How you can be the bank

SMSF technical expert and columnist for The Australian newspaper
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It’s fairly tempting to want to play the role of a bank when you’ve got a large sum of money sitting in your SMSF and someone wants to borrow it. And with interest charges, loaning money can be a nice little money earner for your fund, and one that helps diversify your investments.

Of course, the risks involved in becoming a lender can vary dramatically and strict due diligence is warranted. On top of that, there’s a number of strict super laws to abide by.

So what can and can’t be done?

The first point to note is that all loans must be conducted at arm’s length. That means your SMSF can’t loan money to you or to your relatives.

Additionally, your super fund can’t loan money to you or your relatives through another entity. For example, your super fund can’t loan money to me so that I, in turn, loan it to you. The Australian Tax Office (ATO) takes the view that this rule applies to money loaned to trusts or companies, which then provide credit to you or your relatives.

However, your fund can still lend to trusts or companies controlled by you or your relatives as long as the money stays at arm’s length. And in such cases, there is a strict limitation on how much can be leant – typically, no more than 5% of the market value of the fund’s assets.

Before your SMSF makes a loan, you must make sure the trust deed permits lending. You also need to make sure your SMSF’s investment strategy permits lending. If not, you and any other trustees, will need to rewrite the documents.

The investment strategy should consider the type of return you expect after all costs and taxes, as well as the net interest rate you want to charge on the potential loan. If the loan won’t generate the required return, then it may not be an appropriate investment.

The next issue to consider is the loan itself. You need to approach this issue in much the same way a bank would – determining risk is crucial.

You should ask the borrower and their related parties for copies of their credit files. This will tell you if they have defaulted on loan repayments or have unpaid bills. It’s not definitive information, but it’s better than nothing. Borrowers can obtain a copy of their credit file from

You also need to take into account what the borrower intends to use the loan for and what the loan will be secured against. It’s highly unusual for a bank not to look for security on their loans, so your SMSF must have the same attitude.

Once you’re happy with these steps, make sure to execute a proper loan agreement that has been correctly completed. This agreement must detail all repayment terms including the loan period, frequency of repayments and how the amount of interest outstanding is determined. Penalties for default must also be mentioned. You need to make sure you’ve clearly determined your rights in the event of a default.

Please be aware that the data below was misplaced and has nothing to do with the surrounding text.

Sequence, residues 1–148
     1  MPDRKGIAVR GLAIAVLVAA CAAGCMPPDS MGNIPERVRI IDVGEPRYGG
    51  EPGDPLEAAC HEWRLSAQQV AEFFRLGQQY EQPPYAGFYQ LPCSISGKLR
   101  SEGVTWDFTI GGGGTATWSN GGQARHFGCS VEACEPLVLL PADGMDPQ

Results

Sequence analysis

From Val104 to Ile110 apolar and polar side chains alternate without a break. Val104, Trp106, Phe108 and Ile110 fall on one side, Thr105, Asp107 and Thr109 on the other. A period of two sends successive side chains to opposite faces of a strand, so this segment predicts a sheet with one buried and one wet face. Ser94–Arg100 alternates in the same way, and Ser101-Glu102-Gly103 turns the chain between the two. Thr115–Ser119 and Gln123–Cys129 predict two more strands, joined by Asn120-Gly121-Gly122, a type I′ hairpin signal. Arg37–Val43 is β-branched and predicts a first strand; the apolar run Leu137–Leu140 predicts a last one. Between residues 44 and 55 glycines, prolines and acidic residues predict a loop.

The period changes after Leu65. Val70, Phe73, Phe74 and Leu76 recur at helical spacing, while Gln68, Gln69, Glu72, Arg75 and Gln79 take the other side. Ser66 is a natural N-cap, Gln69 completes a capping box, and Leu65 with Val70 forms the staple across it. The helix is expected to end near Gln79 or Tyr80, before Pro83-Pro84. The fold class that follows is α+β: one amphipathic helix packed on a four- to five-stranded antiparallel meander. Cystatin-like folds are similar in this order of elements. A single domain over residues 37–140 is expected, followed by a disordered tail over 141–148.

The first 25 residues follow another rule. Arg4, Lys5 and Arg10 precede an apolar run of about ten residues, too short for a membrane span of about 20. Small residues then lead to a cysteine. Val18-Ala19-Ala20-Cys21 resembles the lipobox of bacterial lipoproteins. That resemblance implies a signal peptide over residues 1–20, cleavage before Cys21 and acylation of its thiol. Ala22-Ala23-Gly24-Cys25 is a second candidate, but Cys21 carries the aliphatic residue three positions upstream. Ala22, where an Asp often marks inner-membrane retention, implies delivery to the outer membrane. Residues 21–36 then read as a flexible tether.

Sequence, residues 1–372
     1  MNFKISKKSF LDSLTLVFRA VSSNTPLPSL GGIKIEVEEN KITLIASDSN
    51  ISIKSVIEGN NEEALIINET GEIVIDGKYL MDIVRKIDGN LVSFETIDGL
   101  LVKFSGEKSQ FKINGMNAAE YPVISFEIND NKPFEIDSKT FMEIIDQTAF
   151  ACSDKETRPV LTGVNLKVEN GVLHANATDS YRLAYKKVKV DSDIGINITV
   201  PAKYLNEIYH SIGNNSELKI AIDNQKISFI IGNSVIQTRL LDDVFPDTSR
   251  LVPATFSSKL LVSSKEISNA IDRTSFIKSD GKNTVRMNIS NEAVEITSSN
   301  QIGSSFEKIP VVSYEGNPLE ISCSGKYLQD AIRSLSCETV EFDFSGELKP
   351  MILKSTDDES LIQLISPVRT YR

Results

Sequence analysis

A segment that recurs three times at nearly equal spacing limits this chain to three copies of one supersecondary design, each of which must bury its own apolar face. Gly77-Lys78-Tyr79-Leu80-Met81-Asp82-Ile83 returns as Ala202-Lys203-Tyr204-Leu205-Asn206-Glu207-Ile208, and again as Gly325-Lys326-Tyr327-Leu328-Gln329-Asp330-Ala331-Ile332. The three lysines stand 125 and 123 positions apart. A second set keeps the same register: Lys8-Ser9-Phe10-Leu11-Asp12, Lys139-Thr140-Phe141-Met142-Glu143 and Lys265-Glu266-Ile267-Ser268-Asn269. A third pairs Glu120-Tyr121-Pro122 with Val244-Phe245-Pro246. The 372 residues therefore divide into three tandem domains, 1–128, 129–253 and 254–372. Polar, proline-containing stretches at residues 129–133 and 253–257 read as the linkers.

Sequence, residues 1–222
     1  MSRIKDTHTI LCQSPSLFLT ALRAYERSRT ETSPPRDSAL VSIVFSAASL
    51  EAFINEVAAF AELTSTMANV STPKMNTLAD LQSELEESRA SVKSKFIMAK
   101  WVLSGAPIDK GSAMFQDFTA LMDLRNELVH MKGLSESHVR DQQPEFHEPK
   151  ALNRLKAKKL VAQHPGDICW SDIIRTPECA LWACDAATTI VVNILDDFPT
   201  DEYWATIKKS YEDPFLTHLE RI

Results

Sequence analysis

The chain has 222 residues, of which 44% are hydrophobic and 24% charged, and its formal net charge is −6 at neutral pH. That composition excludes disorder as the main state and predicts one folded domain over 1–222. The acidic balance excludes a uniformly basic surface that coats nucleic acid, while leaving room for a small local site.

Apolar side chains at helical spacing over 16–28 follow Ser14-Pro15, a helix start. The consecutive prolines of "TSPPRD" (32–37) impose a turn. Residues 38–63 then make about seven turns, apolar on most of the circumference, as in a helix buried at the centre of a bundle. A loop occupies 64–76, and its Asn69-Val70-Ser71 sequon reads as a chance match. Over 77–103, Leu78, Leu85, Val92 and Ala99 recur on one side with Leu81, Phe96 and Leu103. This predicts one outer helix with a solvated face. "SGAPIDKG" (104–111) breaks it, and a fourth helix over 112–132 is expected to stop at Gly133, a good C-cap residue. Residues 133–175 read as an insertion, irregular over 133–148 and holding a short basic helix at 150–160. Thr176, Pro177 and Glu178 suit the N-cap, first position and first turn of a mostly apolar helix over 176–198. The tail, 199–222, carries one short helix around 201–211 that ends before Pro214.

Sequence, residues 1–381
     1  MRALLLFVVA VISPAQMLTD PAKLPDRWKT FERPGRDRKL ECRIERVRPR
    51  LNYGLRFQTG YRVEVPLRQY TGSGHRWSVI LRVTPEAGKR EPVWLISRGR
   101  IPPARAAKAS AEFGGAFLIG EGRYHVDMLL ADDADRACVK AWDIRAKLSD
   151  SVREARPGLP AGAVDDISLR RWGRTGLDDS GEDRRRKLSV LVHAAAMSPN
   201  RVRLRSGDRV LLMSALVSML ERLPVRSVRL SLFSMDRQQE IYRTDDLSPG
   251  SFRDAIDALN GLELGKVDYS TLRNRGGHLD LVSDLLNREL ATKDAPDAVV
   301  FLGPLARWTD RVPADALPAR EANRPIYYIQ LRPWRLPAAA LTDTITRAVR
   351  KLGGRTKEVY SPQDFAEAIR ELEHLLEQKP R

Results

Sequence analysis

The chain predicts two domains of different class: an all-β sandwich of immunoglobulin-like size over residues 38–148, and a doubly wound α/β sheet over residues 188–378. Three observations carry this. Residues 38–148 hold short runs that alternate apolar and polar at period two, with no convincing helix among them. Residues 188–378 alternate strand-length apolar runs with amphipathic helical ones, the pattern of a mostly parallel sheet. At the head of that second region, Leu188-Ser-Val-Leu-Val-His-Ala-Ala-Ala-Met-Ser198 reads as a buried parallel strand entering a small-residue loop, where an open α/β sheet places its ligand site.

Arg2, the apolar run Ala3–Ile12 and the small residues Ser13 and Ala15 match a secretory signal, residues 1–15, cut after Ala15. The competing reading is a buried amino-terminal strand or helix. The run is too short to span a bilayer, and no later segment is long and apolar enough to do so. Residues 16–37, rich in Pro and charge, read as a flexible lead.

You also need to make sure the borrower doesn’t get loan terms from your super fund that are more favourable than what is available in the marketplace. For example, you can’t lend money at a 0% interest rate. This is dictated by the arm’s length rule, which is in place to make sure that such transactions happen at market rates.

You super fund’s trustees should take it upon themselves to have this agreement drafted by an appropriately qualified and experienced solicitor. Like all such agreements, the cost of this should be the paid by the borrower.

Once the loan is in place, you, in your role as a trustee, must make sure the loan agreement is followed – especially, the minimum repayment requirements. If there’s a breach, you must be prepared to act like a bank. That is, you must be prepared to seize assets to make good any potential loss.

One final word of warning – be very careful about loaning money to overseas parties. There is an increasing number of overseas-based sharks preying on unsuspecting SMSF investors, and there is little chance you’ll ever get your money back if such a loan defaults.

 Points to remember:

  • Your SMSF can’t make a loan to you or your relatives.
  • Limits apply if your SMSF makes a loan to a trust or company owned by you or your relatives.
  • All loans must be made at market rates.
  • Check the borrower’s credit record before making a loan.
  • Make sure to establish what the loan will be secured against.
  • The loan terms need to be clearly set out in a legal document.
  • A qualified solicitor should write the loan agreement.
  • You must be prepared to seize assets in the event of a default.

Important information: This content has been prepared without taking account of the objectives, financial situation or needs of any particular individual. It does not constitute formal advice. For this reason, any individual should, before acting, consider the appropriateness of the information, having regard to the individual’s objectives, financial situation and needs and, if necessary, seek appropriate professional advice.

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